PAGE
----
Move to Cathedral Highlands: An Unobstructed View of the Entire Surrounding Country
It’s been a little while since we’ve done a “Reader’s Choice” post, so this one is for GoDCer Samantha, who tweeted the request to do something on Cathedral Heights. I also haven’t really done anything about that area, so this works out well.
Let me start with a quick fact … Cathedral Heights started out as Cathedral Highlands.
The neighborhoods of Cleveland Park and Cathedral Heights are tightly connected throughout history. The former, named after President Grover Cleveland and the latter starting its life as the are where early Georgetown residents had their summer homes.
An article in the Washington Post back on November 16th, 1939, interviewed early resident, Thomas Kengla. He grew up during the 19th century in what would become Cathedral Heights.
Thomas Kengla, who now lives at 3627 Davis street, yesterday recalled the beginning of the modern suburban development in the area.
“It was started not much more than 35 years ago. I lived on the farm just opposite St. Alban’s Church in the house in which I was born. The house in which my father was born was next door. The hill down which Cathedral avenue runs today was wooded and dangerous, the wild dogs were so bad,” he said.
Seriously … Wild dogs? Can you imagine?
Another article, several decades earlier, from April 7th, 1907, announced the birth of a new suburb northwest of Georgetown. The new subdivision, dubbed “Cathedral Highlands,” was built on higher ground, away from the sweltering heat closer to downtown.
One of the most important suburban movements of the year is the re-subdivision of the tract of ground just south of the intersection of Massachusetts and Wisconsin avenues, formerly known as Tunlaw Heights. As the property lies on a high plateau, overlooking the city, affording an unobstructed view of the entire surrounding country for miles, and is directly opposite the famous Cathedral Close, the new name of Cathedral Highlands is very appropriate.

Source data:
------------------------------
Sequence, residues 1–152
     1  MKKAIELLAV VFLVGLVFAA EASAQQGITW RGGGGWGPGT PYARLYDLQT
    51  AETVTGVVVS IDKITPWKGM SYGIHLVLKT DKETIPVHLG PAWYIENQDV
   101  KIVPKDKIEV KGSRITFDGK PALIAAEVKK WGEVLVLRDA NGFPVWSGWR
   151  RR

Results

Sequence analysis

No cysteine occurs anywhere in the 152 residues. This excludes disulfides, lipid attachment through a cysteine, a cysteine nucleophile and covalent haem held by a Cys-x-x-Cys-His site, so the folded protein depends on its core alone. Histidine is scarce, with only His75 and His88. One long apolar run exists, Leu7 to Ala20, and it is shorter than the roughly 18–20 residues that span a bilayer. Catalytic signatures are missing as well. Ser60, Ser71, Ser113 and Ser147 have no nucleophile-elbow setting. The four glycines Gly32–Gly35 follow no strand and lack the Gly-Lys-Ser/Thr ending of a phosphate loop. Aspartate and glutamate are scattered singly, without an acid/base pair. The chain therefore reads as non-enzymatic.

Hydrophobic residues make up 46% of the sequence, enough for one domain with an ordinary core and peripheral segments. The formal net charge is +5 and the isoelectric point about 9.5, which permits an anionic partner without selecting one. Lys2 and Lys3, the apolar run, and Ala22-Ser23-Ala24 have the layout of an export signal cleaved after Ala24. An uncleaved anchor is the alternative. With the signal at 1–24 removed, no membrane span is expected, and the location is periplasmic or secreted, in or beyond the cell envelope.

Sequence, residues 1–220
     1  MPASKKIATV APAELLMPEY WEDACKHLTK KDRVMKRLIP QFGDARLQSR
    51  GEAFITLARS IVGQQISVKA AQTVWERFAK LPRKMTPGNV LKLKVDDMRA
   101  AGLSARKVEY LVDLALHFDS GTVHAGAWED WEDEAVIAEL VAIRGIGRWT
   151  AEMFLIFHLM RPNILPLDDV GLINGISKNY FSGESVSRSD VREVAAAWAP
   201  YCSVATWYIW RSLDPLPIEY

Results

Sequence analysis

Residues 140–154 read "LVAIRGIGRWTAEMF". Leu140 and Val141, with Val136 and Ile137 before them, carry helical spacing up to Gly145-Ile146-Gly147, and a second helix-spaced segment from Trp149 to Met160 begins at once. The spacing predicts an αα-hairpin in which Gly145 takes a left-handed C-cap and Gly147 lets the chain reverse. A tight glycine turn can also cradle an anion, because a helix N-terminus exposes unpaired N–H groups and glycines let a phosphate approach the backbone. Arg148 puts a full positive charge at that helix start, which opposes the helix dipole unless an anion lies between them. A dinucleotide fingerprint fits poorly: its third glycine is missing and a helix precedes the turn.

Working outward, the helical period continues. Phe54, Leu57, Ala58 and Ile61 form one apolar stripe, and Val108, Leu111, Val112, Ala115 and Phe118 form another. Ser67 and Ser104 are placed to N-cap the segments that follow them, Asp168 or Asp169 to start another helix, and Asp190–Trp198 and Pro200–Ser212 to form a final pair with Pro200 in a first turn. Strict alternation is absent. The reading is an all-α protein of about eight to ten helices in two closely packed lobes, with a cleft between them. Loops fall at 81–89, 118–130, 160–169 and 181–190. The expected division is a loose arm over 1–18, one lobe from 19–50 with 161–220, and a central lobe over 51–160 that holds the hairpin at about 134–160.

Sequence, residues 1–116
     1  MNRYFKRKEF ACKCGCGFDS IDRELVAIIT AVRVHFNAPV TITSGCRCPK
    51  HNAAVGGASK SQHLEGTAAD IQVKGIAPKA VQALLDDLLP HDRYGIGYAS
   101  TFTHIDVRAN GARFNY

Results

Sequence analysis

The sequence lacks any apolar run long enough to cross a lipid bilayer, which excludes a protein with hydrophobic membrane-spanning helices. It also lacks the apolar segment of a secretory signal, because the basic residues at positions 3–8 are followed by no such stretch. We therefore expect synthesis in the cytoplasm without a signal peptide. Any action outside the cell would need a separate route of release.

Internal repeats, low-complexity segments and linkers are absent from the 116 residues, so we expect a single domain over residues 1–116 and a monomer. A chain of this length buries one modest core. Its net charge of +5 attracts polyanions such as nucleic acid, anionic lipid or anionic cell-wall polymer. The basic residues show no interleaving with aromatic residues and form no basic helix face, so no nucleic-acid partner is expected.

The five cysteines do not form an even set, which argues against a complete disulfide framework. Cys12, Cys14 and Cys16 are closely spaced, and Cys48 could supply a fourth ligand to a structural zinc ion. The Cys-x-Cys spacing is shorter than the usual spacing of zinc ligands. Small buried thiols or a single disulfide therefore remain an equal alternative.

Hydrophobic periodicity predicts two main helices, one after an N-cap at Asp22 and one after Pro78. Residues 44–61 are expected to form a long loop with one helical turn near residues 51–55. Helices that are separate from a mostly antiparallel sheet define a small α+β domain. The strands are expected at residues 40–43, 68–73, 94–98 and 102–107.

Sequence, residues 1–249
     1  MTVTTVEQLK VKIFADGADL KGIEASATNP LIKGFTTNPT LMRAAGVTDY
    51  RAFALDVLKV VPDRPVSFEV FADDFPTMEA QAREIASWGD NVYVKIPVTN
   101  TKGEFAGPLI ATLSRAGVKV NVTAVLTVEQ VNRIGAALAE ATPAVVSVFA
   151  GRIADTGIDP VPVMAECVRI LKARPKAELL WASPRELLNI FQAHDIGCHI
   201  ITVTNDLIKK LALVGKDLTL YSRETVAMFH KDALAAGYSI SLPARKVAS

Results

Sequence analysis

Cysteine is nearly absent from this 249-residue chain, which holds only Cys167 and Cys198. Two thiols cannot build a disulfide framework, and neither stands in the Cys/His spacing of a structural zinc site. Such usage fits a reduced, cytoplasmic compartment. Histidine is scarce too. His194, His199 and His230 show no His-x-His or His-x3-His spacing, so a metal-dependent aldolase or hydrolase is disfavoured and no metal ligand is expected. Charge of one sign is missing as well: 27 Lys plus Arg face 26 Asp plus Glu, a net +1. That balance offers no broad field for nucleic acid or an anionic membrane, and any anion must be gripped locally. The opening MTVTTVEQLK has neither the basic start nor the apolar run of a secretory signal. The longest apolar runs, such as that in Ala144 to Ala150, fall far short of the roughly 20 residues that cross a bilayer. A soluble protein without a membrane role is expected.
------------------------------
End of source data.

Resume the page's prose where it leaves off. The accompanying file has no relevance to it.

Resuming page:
The tract has frontage of 1,348 feet on Wisconsin avenue. The subdivision has an area of thirty acres, equal to several hundred lots having a frontage of thirty feet. Fulton and Girard streets will run east and west through the property, while Thirty-eight street, Bellevue Terrace, and Thirty-ninth street will interest the tract running north and south, with Wisconsin avenue fronting the property on the east.
Below is the Baist real estate survey of the area from 1907. I don’t see a Girard street, so I’m assuming it was shuffled around in the street renaming and became Garfield. It also appears that, at one point, Garfield was Galveston and Fulton was Frankfort.
The article reads very much like an advertisement, promoting the benefits of living in the new neighborhood.
The extension and improvement of Massachusetts avenue, just completed, brings this property within ten minutes drive of the center of the city, over Washington’s most beautiful and fashionable thoroughfare. The extension of this avenue from Wisconsin avenue to the American University campus, for which there is an appropriation of about $50,000, is the cause of great real estate activity in this section. it is expected this work will be completed during the coming year.
Nearly all of the streets of the subdivision have been graded, macadamized, concrete walks laid, and are adorned by rows of beautiful shade trees. Ten thousand dollars has been appropriated by the syndicate to complete the work of graiding and improving the one new street, extending water mains and sewers and otherwise improving the property, which is being sold under suitable restrictions guaranteeing the erection of residences of a high class only. The building of several houses ranging in price from $6,000 to $10,000 is contemplated for the near future.
William F. Matteson has been intrusted [sic] with the entire management of the property, and now has a large force of men on the ground carrying on the work of improvement.
That’s quite a serious responsibility for Matteson, who obviously had a significant impact on the development of Washington’s early suburbs.
So who is this Matteson guy and how did he land such a sweet gig? Check back later today. I was going to add it here, but it’s too good to slap on the end of a post. Trust me … you want to read it. It will be posted at this link in a few hours.
- Three Things About the Bryant Street Pumping Station (ghostsofdc.org)